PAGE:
Whilst the portion of Australians purchasing groceries online is small, the opportunity is a lucrative one. However spending time on both Woolworths and Coles sites demonstrates some of the issues with the current online offerings. In particular delivery times of up to 4 hours, site loading times and the general user experience is hindering the growth of this market. And for the grocery market, usability will be a critical success factor. Those between the ages of 44 and 54 are the most likely group to purchase groceries online, with about 10 per cent willing to do so. However as this age group have not grown up with technology an interface that is simple to navigate is key.

Additional barriers which need to be considered are those pertaining to concerns over quality and freshness which is a deterrent for online grocery shopping. This is of particular importance for Woolworths whom prides itself on quality of produce.

Consumer Electronics

Consumer ElectronicsCurrent State of Play;
If there is one sector which should have smiles ear to ear about its online potential it is the consumer electronics sector. A survey by Deloitte found that 23% of Australian would buy consumer electronics online. In addition year on year growth in search volumes (refer below) for related categories demonstrate that consumers are spending an increasing amount of time searching for consumer electronics online.

Search Volumes
• Laptop-related queries were 54% higher in March 09, compared with March 08.
• Consumer Electronics-related queries were 54% higher in March 09, compared with March 08.
(Stats from Google, Mar 09)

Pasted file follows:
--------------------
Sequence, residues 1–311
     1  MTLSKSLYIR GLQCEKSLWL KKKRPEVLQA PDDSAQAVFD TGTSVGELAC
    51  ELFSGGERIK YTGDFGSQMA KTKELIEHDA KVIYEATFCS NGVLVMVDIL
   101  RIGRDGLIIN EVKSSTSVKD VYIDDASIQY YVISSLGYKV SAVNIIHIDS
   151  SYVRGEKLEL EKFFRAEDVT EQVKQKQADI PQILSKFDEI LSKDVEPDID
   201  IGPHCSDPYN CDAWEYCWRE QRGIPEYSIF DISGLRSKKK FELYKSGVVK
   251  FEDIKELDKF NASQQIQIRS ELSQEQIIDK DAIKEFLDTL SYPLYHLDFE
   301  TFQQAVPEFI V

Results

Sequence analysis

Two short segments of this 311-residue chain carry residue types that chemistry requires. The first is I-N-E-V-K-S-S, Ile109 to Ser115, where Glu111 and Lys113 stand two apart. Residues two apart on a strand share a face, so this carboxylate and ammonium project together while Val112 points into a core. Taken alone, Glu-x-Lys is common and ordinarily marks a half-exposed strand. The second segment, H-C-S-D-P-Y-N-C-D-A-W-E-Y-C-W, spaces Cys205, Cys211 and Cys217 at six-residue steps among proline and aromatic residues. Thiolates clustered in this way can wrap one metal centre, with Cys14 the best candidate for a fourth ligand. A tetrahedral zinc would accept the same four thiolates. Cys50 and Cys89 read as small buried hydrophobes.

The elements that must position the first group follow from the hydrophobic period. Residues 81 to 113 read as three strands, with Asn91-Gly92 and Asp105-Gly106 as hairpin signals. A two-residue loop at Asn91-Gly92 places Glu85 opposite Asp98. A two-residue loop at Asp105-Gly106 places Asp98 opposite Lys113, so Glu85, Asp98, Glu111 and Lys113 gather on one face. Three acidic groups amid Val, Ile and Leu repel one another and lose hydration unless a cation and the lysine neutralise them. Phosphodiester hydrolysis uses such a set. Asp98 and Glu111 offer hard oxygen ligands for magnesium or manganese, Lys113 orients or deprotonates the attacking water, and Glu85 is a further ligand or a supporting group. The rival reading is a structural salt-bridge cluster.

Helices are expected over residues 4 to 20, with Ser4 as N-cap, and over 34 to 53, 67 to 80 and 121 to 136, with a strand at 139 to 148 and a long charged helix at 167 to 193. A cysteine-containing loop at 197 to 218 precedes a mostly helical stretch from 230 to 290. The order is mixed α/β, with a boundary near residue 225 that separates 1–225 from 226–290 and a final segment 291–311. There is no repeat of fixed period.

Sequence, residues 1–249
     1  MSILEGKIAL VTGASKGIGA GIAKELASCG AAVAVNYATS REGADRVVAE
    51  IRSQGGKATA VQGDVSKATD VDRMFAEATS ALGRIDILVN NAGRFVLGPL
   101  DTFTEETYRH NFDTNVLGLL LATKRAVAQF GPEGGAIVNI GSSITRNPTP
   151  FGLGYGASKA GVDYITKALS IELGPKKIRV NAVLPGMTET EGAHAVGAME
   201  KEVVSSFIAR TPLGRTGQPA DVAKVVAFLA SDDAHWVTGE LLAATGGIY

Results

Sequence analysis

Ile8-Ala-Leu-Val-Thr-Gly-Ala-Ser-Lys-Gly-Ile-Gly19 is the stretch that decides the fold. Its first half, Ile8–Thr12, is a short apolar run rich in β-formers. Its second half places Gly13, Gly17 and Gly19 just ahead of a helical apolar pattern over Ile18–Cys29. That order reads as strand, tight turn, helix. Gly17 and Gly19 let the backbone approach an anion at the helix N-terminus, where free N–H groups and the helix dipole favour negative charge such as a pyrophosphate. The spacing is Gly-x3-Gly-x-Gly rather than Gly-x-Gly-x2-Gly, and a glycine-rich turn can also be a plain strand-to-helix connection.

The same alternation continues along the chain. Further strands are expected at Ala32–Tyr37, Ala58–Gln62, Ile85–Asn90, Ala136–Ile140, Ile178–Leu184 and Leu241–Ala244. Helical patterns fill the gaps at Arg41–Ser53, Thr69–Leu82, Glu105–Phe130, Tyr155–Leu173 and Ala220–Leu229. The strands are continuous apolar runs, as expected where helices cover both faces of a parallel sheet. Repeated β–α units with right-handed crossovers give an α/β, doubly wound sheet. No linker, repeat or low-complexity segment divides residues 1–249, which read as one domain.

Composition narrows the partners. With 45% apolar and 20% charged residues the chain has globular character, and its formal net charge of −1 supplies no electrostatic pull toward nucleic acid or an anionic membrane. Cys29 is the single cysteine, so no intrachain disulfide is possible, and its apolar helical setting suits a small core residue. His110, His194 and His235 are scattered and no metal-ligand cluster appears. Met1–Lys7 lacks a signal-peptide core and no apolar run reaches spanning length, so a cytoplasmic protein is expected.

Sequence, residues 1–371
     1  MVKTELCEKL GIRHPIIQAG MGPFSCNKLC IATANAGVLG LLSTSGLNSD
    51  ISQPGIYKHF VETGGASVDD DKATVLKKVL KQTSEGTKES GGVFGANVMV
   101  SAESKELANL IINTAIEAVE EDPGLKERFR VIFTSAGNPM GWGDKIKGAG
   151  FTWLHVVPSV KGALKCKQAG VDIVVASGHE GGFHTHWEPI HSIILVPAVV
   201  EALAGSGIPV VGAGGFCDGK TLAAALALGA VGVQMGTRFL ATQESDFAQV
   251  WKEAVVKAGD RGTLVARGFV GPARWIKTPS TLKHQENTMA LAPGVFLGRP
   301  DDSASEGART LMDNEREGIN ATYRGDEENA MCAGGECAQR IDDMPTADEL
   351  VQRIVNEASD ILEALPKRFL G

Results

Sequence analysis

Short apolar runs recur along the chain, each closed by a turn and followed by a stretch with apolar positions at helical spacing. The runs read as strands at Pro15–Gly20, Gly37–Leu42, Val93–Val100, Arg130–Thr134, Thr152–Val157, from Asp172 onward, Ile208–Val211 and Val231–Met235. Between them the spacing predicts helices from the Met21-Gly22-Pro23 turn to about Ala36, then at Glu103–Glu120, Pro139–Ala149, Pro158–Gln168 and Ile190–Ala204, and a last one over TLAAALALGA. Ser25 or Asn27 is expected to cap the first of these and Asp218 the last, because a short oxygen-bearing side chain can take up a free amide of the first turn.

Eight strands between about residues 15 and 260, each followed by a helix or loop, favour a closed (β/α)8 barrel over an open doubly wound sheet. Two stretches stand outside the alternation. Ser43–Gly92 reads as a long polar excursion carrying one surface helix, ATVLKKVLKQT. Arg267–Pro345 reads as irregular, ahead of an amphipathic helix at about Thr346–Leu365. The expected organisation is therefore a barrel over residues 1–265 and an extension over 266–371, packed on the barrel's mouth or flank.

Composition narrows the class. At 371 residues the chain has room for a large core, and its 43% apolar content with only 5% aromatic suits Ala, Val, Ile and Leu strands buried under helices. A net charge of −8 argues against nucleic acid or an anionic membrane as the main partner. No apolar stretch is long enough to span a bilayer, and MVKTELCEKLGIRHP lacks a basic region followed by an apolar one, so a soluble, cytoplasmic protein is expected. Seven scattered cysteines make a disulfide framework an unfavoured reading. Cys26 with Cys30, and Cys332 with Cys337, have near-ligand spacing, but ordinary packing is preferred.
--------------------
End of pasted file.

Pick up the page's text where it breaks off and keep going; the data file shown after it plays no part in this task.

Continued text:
The opportunity
Despite the statistics at least one big brand is yet to be convinced about the potential of the online channel. In a recent interview, JB Hi-Fi’s CEO stated that the online store only contributes 1% of total sales and this will not change anytime soon. Thus although there are many positive signs does this sector have potential if one of the largest players is not able to monetize the online channel?

The JB Hi-Fi example is one online store of many that will in the coming years not live up to expectations. This is not because the online channel is not a lucrative proposition but the online experience lacks strong execution to provide the user with a unique online value proposition and user experience.

In the current economic downturn, consumers more than ever are looking online to secure the best price for electronics thus now more than ever the consumer electronics sector should be experiencing growth online. However to be successful brands need to provide valuable content to allow consumers to compare and contrast prior to making the decisions and review their experience post purchase. Without this, these high involvement decisions will continue to drive consumers in-store or to competitor sites so they can obtain the information they desire to make decisions.

In addition, there is a growing global trend which sees many consumers put the item on-hold online and pick it up in store. This trend is one which could significantly benefit both consumers and the brand in the electronics sector. This strategy provides consumers with the reassurance they need instore before making the final transaction and enables brands to understand the true value driven through their online store.


Current State of Play